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Short-term Crisis between the European Union and United States

The book "The Transatlantic Relationship - the US a Reflection of the European Union", published on Wednesday, Peter Ekholm discusses the present situation between the EU and US, the reasons for the difficulties and their consequences.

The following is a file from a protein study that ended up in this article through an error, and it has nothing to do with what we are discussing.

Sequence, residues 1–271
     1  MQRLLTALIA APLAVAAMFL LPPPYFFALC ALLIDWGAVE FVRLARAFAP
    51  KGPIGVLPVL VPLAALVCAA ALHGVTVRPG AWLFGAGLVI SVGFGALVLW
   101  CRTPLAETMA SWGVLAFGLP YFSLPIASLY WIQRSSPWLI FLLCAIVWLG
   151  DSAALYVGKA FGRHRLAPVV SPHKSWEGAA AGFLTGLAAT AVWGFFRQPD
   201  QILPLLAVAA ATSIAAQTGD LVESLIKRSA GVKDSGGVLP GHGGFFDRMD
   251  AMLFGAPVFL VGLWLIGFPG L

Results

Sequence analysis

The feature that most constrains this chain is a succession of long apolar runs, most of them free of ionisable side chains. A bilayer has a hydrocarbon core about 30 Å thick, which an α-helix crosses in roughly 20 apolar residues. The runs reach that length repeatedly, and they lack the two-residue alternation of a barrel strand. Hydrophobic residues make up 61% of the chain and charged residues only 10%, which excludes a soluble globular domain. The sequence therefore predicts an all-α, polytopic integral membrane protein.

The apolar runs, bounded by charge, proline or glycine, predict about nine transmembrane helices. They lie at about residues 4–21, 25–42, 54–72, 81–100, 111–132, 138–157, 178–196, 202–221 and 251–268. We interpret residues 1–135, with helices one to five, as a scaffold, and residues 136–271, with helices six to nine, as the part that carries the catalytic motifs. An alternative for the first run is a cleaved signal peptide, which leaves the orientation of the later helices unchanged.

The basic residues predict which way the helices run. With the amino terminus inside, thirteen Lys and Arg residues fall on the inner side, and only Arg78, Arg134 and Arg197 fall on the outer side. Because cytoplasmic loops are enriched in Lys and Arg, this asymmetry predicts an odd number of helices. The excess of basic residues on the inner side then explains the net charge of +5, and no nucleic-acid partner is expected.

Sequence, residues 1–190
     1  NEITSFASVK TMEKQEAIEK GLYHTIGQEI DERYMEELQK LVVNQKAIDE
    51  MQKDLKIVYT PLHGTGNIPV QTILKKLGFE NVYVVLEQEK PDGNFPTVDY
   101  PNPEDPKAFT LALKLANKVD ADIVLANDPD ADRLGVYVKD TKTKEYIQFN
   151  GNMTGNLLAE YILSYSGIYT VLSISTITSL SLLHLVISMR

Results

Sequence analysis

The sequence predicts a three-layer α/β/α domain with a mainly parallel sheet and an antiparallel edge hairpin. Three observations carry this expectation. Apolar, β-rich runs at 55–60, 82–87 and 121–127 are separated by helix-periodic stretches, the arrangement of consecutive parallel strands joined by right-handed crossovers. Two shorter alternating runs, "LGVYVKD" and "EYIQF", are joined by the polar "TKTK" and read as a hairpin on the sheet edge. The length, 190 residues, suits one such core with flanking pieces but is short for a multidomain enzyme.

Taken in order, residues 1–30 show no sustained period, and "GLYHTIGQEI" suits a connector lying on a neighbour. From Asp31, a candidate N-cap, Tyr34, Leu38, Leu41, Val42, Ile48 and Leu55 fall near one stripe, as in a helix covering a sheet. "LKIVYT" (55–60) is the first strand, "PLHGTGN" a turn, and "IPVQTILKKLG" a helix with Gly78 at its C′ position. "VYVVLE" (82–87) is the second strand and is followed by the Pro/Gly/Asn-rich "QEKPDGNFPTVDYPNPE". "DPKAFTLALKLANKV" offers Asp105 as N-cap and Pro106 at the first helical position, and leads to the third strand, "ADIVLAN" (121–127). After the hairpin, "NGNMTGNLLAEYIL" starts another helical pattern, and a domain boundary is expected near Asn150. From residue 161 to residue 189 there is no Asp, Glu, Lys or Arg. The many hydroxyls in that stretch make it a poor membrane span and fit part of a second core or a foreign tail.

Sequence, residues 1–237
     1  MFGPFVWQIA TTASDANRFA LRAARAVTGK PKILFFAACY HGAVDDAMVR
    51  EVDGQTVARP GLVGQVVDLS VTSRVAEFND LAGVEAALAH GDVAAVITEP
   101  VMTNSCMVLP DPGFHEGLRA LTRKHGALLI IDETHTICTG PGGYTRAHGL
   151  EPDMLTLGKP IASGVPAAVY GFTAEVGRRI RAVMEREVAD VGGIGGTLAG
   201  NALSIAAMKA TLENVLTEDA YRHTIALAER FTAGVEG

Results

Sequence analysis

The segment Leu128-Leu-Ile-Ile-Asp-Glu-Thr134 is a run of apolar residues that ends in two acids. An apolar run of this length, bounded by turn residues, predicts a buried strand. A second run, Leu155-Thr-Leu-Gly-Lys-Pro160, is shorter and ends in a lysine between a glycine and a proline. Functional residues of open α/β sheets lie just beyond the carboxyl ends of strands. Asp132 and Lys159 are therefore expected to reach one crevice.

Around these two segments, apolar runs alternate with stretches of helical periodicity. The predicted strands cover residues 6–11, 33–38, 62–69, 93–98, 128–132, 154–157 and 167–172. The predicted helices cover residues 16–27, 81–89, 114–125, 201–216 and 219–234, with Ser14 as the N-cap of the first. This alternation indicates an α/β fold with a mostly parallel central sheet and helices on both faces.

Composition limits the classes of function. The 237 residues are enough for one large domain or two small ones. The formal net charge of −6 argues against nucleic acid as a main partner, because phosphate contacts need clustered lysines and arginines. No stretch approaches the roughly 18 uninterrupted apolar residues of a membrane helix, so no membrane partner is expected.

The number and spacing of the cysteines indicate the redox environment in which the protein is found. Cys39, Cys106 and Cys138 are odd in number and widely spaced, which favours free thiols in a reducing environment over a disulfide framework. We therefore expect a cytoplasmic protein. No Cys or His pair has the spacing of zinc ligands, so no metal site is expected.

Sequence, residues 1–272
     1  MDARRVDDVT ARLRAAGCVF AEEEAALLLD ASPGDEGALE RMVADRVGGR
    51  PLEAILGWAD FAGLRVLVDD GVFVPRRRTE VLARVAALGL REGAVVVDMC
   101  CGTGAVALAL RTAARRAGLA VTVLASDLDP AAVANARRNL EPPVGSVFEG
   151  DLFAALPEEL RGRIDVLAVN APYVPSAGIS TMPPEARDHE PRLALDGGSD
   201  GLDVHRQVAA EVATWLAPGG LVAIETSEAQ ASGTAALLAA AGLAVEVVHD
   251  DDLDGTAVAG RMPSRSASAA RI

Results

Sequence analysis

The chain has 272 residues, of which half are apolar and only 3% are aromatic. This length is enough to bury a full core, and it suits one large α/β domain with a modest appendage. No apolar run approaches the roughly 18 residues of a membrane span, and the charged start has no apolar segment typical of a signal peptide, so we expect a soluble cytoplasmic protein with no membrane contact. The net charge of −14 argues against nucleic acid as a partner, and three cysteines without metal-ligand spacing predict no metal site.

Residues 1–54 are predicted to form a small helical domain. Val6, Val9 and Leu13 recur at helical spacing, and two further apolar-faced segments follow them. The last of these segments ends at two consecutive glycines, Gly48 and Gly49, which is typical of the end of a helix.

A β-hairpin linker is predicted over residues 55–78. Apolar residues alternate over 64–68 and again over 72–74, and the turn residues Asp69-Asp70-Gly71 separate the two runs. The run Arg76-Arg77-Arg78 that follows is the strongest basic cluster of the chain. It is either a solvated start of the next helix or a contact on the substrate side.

Press Release 20 January 2004 Relations between the EU and US are undergoing serious difficulties. The main problem is that economically the two powers are closer than ever but politically the distance between the two is increasing. Particularly worrying is the fact that these differences of opinion seem to be evolving overnight into a dispute over prestige. Prestige seems to matter more than a set of common values. In his book “Transatlanttinen suhde – Yhdysvallat Europan unionin peilinä” (The Transatlantic Relationship – the US a Reflection of the European Union), published on Wednesday, Peter Ekholm discusses the present situation between the EU and US, the reasons for the difficulties and their consequences. That the two continents should think differently is not in itself surprising. Even though it was the Europeans who originally subdued America, it is only natural that such distant geographical neighbours should have large differences. However, a foreign European country such as France, for example, is much closer to the US than Japan. Ekholm charts the cultural, political and eco­nomic similarities and differences. The differ­ences are such that it is easy for both sides to sink to arrogance – but there is sufficiently common ground for a dignified compromise. Increasing tension Ekholm considers the prime cause of the increased tension to be Europe’s newfound inde­pendence from the United States. Europe’s increasing wealth gave it first economic inde­pendence and has now made it a rival to the US. Since the end of the Cold War Europe has rapidly progressed towards political independence. The two transatlantic partners are today more equal than at any time since the Second World War. Europe has grown up, so to speak, but the arguments it uses are less grown-up. The US has given indispensable aid and support to the idea of European integration. It has also understood that it is chauvinistic bravado that has driven Europe into a crisis situation. Integration has succeeded. Paradoxically, on the other hand, the US is still a nation state and behaves in a way that it has hoped that Europe would eschew. The much discussed Asian Crisis has not succeeded in alienating Europe from America nor America from Europe. In politics the two fight and defy each other but in 2001 the French were the fifth largest investor in the US, putting considerably more money into the American economy than the Canadians, for example. On the Americans’ list of foreign investments France figured in ninth place, way ahead of China. American investment in Mexico was only just over a half of what it was in the Netherlands. Ekholm emphasises that traditional exports and imports of goods and services do not give a correct picture of the two countries’ economic relations. Most is accounted for by subsidiaries on both sides of the Atlantic. Looked at as a whole, economic relations between the two countries have become increasingly close. Boundaries between economics and politics unclear Ekholm draws attention to the fact that the boundary between politics and economics has become extremely fuzzy. It is now more difficult to distinguish what is politics and what is economics. This is the EU’s Achilles heel when it comes to drawing up the rules for inter­national trade. In negotiating with the United States, the EU follows a common trade policy but if political considerations are taken into account, then there are fifteen different European views to be reconciled. The more politics and economics become intertwined, the more re­strict­ed becomes the EU’s freedom to act. On the one hand, the EU needs to concentrate its resources and, on the other, the leaders of the two continental partners should commit them­selves to closer cooperation. The combined populations of the EU and US today account for a decreasing proportion of the world’s inhabitants. It is becoming increasingly difficult to justify the overtly dominant role played by the two power groups in such international organisations as the World Trade Organisation and the United Nations. If democratic representation is to continue to charac­terise such organisations, the Americans and Europeans must soon join forces rather than indulge in petty squabbling. Questions surrounding European enlargement and NATO From a transatlantic viewpoint Ekholm sees European enlargement as a very real stumbling block. The present member states of the EU have good reason to be grateful to the US but can the US find real friends in Central and Eastern Europe? How important is US membership of NATO as a guarantee of security compared with membership of the European Union when the new members are faced with making choices? Will they opt for an American-type market economy as opposed to the European kind of social market economy? Does the US hope to put pressure on the EU’s choices through the new member states? As far as security is concerned Ekholm expects the significance of NATO to decline in the medium term. The key question is what the US feels that it needs NATO for. Finland has eco­nomic interests in the United States but only such where the EU is a more important player than Finland would be alone. When it comes to matters of security the most important con­sideration according to Ekholm is that the principle of not abandoning one’s friends applies to traditional friends and allies, not just those who have good and unproblematic relations with America. A look in the mirror… Ekholm is of the opinion that the EU has in many respects only reacted following develop­ments in the US. Internal markets grew up since Europe was unable to respond to American competi­tive­ness. The Lisbon process is a similar reaction. Peace-keeping troops finally came about when Europe needed the Americans in Yugoslavia, etc. The US is a mirror not only in decision-making ability but also in competitiveness. Overall Ekholm wonders how often Europe uses America as a mirror. Many think that America is needed less whereas, in fact, we need Europe more, he concludes. Peter Ekholm’s book is part of Sitra’s Europe 2020 project. The purpose of this project is to chart future prospects for Finland and the European Union. Sitra’s aim is to identify important factors determining Finnish success. Peter Ekholm is head of the Sitra project. His book, “Transatlanttinen suhde – Yhdysvallat Europan unionin peilinä” (The Trans­atlantic ­Re­lation­ship – the US a Reflection of the European Union), is a result of the Sitra Europe 2020 project. Further information: Peter Ekholm, Europe 2020 project, Sitra, tel. +358-50-520 8995.Publication in Finnish: “Transatlanttinen suhde – Yhdysvallat Europan unionin peilinä” (The Trans­atlantic ­Relationship – the US a Reflection of the European Union). Peter Ekholm, Sitra 261. ISBN 951-37-4115-X, ISSN 0785-8388 (Sitra), 110 pages, RRP €24. Edita Prima Oy. Helsinki 2004.